A reporter who was served with a harassment warning for approaching a convicted fraudster for comment has spoken of fears that authorities believe it’s “open season” on journalists.
Gareth Davies, chief reporter at the Croydon Advertiser, was given a “prevention of harassment notice” by three Metropolitan police officers after he approached Neelam Desai for comment as part of an investigation. Desai will be sentenced later this month after pleading guilty to fraud.
According to Davies, one police officer told him: “You say you were just doing your job, but that’s what the News of the World and the phone hackers said.”
Davies described events as “frustrating” and said he was left with the impression that some police officers felt like “it’s open season for journalists”.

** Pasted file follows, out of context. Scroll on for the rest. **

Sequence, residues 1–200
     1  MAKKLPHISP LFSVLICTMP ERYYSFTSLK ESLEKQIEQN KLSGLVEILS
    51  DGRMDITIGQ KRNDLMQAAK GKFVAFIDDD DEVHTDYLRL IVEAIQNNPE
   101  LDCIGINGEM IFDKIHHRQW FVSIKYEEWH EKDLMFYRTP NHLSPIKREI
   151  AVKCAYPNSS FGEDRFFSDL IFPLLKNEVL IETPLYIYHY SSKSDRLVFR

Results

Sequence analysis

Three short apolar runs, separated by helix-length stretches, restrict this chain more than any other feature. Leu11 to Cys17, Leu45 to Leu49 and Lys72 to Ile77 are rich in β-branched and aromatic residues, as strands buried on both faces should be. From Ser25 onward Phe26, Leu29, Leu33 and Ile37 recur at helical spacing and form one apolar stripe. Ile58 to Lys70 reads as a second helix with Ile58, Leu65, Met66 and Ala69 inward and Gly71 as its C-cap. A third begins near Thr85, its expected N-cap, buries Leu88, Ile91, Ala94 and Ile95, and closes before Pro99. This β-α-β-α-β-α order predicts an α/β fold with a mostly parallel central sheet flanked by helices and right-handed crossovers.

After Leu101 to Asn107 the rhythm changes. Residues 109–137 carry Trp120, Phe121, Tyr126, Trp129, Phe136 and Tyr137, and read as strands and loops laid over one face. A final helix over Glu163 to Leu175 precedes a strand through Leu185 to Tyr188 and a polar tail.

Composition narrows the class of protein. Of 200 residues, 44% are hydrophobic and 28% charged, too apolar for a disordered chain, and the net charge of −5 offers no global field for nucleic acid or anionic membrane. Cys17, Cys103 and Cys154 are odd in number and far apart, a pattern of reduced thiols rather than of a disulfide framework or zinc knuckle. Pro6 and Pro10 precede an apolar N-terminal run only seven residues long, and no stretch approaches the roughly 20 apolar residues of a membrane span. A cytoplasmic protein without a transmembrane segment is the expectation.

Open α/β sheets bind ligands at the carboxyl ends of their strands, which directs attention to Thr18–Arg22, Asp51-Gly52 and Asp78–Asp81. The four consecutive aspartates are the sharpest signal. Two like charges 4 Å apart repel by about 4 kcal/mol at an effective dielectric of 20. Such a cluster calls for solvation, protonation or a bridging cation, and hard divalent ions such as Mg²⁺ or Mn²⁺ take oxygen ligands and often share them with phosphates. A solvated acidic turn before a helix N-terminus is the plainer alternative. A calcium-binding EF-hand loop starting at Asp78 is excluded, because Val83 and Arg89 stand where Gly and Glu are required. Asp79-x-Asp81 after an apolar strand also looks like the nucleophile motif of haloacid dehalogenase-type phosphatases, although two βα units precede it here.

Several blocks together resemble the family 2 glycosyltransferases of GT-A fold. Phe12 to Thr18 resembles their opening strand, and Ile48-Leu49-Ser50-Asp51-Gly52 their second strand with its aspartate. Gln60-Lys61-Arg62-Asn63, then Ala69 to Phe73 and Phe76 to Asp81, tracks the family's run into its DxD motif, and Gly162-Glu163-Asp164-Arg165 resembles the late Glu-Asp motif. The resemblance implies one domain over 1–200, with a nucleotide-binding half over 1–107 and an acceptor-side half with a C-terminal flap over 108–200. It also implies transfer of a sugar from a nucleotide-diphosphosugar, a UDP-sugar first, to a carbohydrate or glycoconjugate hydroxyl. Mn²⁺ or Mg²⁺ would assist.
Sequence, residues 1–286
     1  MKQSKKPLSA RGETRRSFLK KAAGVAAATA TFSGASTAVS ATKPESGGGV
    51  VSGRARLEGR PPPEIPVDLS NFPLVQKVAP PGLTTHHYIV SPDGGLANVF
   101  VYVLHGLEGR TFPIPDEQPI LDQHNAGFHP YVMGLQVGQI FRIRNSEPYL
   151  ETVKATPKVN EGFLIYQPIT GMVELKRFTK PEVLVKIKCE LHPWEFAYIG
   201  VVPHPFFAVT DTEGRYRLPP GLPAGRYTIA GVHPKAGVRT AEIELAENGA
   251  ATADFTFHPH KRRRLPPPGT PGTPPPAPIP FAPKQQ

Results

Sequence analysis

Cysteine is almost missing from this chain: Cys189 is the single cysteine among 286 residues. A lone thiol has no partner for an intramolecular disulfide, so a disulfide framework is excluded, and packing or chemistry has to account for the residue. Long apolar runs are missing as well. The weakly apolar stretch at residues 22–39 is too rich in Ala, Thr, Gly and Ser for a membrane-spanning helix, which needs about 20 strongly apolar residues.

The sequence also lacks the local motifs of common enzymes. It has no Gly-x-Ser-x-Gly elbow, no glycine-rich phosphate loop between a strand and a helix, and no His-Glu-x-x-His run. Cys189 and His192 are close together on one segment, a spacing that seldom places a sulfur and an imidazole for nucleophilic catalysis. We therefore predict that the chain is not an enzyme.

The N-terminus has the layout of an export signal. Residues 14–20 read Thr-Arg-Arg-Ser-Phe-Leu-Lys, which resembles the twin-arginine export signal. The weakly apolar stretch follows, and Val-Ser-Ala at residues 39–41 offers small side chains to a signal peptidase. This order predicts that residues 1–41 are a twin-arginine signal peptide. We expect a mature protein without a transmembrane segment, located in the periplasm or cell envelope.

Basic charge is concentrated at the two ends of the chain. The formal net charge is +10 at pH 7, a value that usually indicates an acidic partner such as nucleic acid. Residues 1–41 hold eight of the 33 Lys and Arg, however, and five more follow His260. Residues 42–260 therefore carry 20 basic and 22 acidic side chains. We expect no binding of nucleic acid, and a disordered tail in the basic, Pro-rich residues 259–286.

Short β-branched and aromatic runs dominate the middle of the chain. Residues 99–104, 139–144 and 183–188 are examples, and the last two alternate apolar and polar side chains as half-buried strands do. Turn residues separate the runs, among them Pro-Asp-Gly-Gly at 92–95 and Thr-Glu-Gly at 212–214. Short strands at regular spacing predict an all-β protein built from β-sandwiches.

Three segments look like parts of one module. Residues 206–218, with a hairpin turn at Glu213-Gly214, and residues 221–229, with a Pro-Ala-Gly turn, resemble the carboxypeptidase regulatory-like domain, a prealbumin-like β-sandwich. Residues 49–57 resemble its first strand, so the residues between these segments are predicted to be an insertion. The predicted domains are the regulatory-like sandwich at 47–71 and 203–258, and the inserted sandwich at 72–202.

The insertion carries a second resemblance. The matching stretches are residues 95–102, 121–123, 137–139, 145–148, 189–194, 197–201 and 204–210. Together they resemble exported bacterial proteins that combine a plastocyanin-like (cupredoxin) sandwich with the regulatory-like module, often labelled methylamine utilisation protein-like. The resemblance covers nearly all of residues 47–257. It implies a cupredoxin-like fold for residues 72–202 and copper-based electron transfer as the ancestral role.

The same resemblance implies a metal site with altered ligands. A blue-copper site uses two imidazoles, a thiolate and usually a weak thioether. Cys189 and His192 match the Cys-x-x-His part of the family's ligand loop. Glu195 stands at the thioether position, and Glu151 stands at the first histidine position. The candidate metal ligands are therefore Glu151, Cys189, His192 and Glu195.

The Croydon Advertiser has now brought in lawyers in a bid to have the warning withdrawn, while human rights and media organisations have expressed serious concern about the implications for free press.
Index on Censorship said the police must show they “fully respect” the role of a free media and Liberty described the warning as “chilling”.
Earlier this year, a report showed the British public’s trust of the media had plummeted to an all-time low in the wake of the phone-hacking scandal and subsequent Leveson Inquiry into press ethics.
While the public cited lack of press regulation as a factor, domestic and international media organisations have warned that the backlash against the press could restrict journalists’ ability to do their jobs and have a detrimental effect on press freedom.